I have been writing this blog for over ten years now, and I have resisted putting up a list of my favorite films for that whole time. As the Borg say “Resistance is Futile!”
This year I am marking another year in my sixth decade of life. I did several birthday posts in the past and enjoyed them immensely. The last two years my heart has just not been into it. This year however, I am trying to push my way back into normalcy, but I don’t have the energy to generate 63 things for a list. So what I am going to do is a ten day countdown of my favorite films.
Every year when I have posted a top ten list, I always point out that it is a combination of quality and subjective enjoyment that creates that list. Those are the guiding principles here as well. I will not claim that these are the ten greatest movies ever made, although I know several of them would be deserving of a spot on such a list. Instead, these are my ten favorite films as it stands at the moment. In a month, I could reconsider or remember something that I have tragically left off the list, but for this moment here is how they rank.
#9 Once Upon a Time in the West
I love John Wayne and Clint Eastwood and Gary Cooper and a dozen other stars of the Western Genre. It just so happens however that my favorite western isn’t directed by John Ford, Don Siegal or even the accomplished western director Eastwood . It comes from Clint’s collaborator and directing mentor Sergio Leone, but it does not star Eastwood. Instead, it features another tough guy actor who has a face as iconic as Wayne’s voice or Clint’s stare, Charles Bronson. It is also a western of the Italian variety, though populated with American actors, and it is directed by Leone himself.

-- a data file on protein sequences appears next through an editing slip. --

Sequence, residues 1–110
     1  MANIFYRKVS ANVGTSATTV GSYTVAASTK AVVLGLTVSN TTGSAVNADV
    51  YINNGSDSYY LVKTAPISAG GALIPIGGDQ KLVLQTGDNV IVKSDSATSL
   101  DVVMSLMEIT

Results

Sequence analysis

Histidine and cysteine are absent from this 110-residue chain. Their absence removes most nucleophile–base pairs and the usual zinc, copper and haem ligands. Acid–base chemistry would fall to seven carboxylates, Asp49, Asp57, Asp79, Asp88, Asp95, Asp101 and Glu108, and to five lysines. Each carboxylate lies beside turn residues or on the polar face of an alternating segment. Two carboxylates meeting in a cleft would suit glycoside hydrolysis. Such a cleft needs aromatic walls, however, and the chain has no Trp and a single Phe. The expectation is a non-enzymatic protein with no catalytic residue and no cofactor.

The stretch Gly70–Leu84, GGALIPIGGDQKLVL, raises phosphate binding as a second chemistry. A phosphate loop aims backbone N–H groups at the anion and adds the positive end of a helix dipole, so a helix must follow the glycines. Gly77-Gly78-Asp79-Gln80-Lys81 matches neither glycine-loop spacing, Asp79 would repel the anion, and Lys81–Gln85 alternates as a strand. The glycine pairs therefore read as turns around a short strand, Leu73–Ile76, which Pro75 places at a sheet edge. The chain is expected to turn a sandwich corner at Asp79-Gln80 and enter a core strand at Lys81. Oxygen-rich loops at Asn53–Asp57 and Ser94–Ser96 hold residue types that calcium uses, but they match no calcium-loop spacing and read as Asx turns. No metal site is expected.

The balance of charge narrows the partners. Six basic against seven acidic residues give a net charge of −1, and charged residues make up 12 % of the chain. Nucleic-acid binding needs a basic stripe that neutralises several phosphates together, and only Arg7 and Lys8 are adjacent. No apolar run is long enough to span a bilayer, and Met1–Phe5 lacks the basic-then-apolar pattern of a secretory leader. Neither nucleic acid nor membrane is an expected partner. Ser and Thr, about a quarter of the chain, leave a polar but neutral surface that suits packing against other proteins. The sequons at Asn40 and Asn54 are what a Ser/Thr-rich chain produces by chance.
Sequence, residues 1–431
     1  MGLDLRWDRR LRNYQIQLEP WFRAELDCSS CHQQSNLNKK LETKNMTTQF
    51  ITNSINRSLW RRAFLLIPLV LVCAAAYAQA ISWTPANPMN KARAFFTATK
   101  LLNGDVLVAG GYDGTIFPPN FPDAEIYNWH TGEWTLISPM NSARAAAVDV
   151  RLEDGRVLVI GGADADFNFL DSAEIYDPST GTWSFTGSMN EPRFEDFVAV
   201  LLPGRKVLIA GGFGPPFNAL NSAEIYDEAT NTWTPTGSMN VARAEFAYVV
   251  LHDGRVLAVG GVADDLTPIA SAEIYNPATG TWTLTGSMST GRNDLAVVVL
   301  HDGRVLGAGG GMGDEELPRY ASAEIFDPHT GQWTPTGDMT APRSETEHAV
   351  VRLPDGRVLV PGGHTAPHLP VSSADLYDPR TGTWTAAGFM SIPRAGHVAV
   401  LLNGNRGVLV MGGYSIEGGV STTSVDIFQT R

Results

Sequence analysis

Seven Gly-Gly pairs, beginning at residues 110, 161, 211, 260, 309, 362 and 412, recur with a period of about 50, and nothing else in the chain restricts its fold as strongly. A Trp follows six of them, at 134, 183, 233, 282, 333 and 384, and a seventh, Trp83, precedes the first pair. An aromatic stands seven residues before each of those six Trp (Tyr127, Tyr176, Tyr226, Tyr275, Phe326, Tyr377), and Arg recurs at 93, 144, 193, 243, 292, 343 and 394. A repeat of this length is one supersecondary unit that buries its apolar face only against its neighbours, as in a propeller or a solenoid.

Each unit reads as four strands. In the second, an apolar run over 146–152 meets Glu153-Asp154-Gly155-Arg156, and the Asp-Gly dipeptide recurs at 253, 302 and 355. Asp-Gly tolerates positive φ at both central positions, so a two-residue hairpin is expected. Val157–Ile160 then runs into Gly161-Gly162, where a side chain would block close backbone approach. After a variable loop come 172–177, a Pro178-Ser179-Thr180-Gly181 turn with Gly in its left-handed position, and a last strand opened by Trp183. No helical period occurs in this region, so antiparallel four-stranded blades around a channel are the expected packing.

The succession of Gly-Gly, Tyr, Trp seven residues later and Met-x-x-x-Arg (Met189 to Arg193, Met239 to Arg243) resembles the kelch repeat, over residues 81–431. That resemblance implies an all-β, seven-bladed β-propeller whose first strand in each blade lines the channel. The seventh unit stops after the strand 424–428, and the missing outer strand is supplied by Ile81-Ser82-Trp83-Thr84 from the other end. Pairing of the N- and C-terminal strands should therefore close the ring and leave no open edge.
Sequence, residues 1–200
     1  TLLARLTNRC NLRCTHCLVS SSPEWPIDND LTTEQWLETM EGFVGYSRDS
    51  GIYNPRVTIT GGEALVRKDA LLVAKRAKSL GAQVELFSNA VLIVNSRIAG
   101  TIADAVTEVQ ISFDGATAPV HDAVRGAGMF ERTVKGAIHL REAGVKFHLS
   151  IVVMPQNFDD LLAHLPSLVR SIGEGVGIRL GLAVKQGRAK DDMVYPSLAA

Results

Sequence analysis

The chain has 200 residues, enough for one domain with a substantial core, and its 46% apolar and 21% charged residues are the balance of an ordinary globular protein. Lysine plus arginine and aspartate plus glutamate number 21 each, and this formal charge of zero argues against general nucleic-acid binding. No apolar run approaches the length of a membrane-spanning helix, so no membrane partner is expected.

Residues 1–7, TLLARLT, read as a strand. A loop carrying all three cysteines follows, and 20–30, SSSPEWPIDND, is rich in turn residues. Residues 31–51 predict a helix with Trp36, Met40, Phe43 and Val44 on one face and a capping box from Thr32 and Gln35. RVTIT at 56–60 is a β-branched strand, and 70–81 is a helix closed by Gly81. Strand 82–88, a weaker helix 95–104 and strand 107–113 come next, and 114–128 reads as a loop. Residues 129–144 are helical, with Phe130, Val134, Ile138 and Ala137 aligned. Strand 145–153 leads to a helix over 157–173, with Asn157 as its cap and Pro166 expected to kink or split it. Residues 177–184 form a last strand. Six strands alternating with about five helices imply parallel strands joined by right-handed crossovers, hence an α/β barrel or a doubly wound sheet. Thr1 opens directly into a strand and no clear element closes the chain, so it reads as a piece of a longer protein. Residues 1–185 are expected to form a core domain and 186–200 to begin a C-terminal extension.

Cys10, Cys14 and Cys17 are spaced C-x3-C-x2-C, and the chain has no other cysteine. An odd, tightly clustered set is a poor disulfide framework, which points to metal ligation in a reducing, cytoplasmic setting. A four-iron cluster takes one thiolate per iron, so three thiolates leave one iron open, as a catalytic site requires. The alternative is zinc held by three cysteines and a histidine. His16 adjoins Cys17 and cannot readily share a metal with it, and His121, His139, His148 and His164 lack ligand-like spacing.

To some degree Leone follows the template he set up in “The Good, The Bad and the Ugly”. We have three primary characters that we are following. Two anti-heroes and one very bad man. The most unique thing about the film cast is that this bad man is played by an actor who is famous for portraying decent men on screen, Hollywood Legend Henry Fonda. The character of Frank is an irredeemable murderer who shows a sadistic side as he kills most of his victims in this story. Jason Robards is Cheyenne, a desperado, known to lead a gang of robbers, who turns out to have some interesting and maybe noble characteristics. Bronson is the mysterious stranger known only as “Harmonica”, who is set on a path of vengeance that crosses with the other two.
With a music score by maestro Morricone, it is amazing that the most impressive scene in the film is the opening lead up to a shootout, that features no music but rather just ambient noise to build the tension. In this ten to fifteen minute segment, film students will learn all of Leone’s tricks of the trade. There are sweaty close ups, silent stares, long pauses and lighting that makes the environment in which the scene takes place, into another character.
Leone is widely loved for the “man with No Name” trilogy, but this is a movie that is art. It is richer in character and setting than Good,Bad,Ugly , and it is more morally ambiguous and splendidly detailed than any other film he made.
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Once Upon A Time in the West